Monday, 29 August 2016

Soulmates in the Oddest Places

We hired a driver for a week. He picked us up in Tbilisi and drove us out to the deep countryside. He was dignified and kind and clear eyed. He is Georgian and had graduated from a veterinary school in Moscow. He oversaw the chicken and cow veterinarians working at 150 farms in Georgia. When the Soviet Union collapsed in 1991 he was out of work.The last animals were eaten and the farm buildings and machinery were sold to Turkey for money for food.

When Putin said that the second greatest tragedy of the 20th century was the collapse of the Soviet Union I snickered. "Good riddance to it." I thought. I couldn't imagine all the human suffering the collapse unleashed.  I was just thinking of all the suffering it was ending.

He (the driver, not Putin) had see how excited we were at the State Silk Museum. A few days later he took me in the van for a drive. I could see he was looking for somewhere specific. We turned right and had the Azerbaijan border right in front of us.

Wrong road.

We turned back and drove along the center of this valley.

(Please click photo to see the whole picture.)

He stopped in front of a house and went and knocked on the door. I got out and took a photo of this place across the street and dreamed a little "fix-it-up" dream for me.

He came over and invited me to go into the house. He had met the woman who lives there 25 years before and remembered that she was using natural dyes and weaving carpets.

He had searched her out to introduce us to each other.

We didn't share a common language. The conversation in English went to Russian and then on to Georgian. You have to keep a lot of eye contact so if the words are lost, the emotions and intentions are at least somewhat apparent. I hope that they could read the gratitude on my face.

Lilli lives in this wonderful traditional Georgian wooden house. She was a silk farmer for her whole life. 500 kilograms of cocoons a year.  She quit when the Soviet Union collapsed. No place to sell the silk.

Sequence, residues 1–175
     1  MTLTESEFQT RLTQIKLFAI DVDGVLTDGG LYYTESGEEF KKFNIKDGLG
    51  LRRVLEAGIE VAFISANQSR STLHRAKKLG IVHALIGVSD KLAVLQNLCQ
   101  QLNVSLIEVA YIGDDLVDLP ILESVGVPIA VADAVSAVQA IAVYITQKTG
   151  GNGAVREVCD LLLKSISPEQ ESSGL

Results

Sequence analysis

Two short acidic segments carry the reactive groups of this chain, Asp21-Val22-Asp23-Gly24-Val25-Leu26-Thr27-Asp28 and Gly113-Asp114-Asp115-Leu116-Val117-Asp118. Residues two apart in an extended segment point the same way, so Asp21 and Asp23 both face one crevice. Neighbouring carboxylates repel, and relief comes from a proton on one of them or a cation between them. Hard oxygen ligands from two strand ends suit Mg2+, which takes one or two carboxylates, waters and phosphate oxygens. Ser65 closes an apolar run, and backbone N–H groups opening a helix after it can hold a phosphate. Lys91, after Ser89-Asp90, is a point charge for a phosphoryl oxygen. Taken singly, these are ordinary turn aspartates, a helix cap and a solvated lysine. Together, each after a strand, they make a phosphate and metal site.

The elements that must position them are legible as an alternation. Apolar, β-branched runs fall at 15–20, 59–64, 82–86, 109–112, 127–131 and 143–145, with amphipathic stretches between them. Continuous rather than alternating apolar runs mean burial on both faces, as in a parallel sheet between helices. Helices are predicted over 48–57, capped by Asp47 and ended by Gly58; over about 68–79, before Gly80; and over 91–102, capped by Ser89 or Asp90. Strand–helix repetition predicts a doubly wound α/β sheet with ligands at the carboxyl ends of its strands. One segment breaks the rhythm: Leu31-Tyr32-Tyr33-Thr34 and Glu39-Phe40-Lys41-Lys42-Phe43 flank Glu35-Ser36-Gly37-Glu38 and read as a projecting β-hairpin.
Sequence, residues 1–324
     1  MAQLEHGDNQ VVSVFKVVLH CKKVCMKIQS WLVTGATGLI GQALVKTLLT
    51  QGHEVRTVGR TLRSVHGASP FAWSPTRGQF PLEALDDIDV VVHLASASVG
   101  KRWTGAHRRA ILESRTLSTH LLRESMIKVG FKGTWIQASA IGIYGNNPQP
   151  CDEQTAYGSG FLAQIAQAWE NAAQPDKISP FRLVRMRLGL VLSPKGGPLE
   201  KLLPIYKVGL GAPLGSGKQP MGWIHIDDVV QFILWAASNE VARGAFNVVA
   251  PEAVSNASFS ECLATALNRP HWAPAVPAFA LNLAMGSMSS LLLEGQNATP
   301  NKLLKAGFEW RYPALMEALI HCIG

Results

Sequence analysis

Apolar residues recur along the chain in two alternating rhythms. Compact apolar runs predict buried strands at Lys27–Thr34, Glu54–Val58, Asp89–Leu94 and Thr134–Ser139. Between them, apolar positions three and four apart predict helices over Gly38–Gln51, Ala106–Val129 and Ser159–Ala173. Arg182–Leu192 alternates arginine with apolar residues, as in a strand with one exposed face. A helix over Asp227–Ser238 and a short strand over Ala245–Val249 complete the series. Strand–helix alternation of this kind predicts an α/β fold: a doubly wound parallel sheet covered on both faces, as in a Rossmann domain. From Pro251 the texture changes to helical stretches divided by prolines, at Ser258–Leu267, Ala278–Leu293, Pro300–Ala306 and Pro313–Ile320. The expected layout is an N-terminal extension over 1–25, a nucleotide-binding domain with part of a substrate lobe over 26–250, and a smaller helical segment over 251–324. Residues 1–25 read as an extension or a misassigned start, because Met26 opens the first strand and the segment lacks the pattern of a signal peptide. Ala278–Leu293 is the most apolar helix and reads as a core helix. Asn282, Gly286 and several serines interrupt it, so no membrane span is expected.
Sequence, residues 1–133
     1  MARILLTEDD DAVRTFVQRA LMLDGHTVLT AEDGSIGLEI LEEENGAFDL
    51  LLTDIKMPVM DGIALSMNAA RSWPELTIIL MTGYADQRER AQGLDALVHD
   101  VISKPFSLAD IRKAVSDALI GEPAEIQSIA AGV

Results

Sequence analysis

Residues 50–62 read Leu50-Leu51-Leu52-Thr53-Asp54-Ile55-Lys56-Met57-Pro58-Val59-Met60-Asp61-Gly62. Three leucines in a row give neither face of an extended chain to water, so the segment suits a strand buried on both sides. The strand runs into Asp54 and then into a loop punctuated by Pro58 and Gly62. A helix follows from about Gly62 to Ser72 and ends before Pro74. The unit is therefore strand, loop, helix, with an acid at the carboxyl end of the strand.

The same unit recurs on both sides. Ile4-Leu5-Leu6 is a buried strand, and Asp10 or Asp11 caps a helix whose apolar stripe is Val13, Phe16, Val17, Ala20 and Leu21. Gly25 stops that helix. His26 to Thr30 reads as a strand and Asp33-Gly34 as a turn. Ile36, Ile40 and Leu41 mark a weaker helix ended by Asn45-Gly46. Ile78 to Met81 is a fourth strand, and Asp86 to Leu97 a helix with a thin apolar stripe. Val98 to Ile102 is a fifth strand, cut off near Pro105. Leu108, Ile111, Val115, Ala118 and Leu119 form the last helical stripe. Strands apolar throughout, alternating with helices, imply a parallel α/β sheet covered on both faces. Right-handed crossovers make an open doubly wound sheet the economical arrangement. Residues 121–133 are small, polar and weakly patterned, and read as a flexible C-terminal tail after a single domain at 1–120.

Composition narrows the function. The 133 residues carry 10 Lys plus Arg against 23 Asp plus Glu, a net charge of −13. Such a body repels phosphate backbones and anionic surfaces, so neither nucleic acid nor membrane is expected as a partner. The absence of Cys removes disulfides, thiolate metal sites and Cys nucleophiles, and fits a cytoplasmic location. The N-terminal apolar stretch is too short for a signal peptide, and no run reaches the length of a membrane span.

She gets sheep wool from her neighbour and cards and spins it. She proudly/humbly proclaimed she gets 50 colours from local natural berries, roots and barks.

The blue (obviously indigo pigment) she gets from a TREE BARK!!! I thought I knew just about everything about indigo and I get tsunamied with that information.

Indigo from bark????? I had to go back and forth through the translation chain three times in disbelief.


I had only an iPhone with less than 10% battery left. I tried to show her some pictures of my silk farm and the vegetable dyes I use and some things I weave. Just enough to let her know that I am her brother.

I tried to follow my "Visiting artist's studio rules". Look
 and shop and leave. But it was hard. I had severe separation anxiety.

Perhaps she sensed this or it was that famous Georgian hospitality but we soon found ourselves at a lavish lunch that materialized out of nowhere in her cellar room. All the wines and liquors she had made herself. The wool suppling neighbour also made sheep cheese. It was wrapped tightly in a sheepskin and fermented for one year. ( It was so delicious I thought I had died and gone to a Greek island.)

We toasted in the Georgian style. (The goal seems to be to move the others to tears with honesty and gratitude and all those other tear jerking emotions. )When it was my turn to give a toast I think I did a good got my tear ducks (sic) swimming. For the last toast we toast the angel above each door that will guard us as we travel to the next door.

There was my most memorable textile day on that five week vacation. Not even planned. Someone gave it to me.

Like Japan there are these master craftspeople living quiet almost unrecognized lives of dedication to their craft. I purchased those socks and leggings on our laps in the picture. Unfortunately,  I only had a stack of roubles and yen in my wallet. Just 50 Georgian laris. There were some carpets and bed covers that would have looked so good in this old Japanese house.

Wednesday, 24 August 2016

The Silk Road from Japan to Georgia.

The doubtful rickety barn I live and work in was a silk farming house until the mid-1960s like every other house in the village.

No one moves anywhere.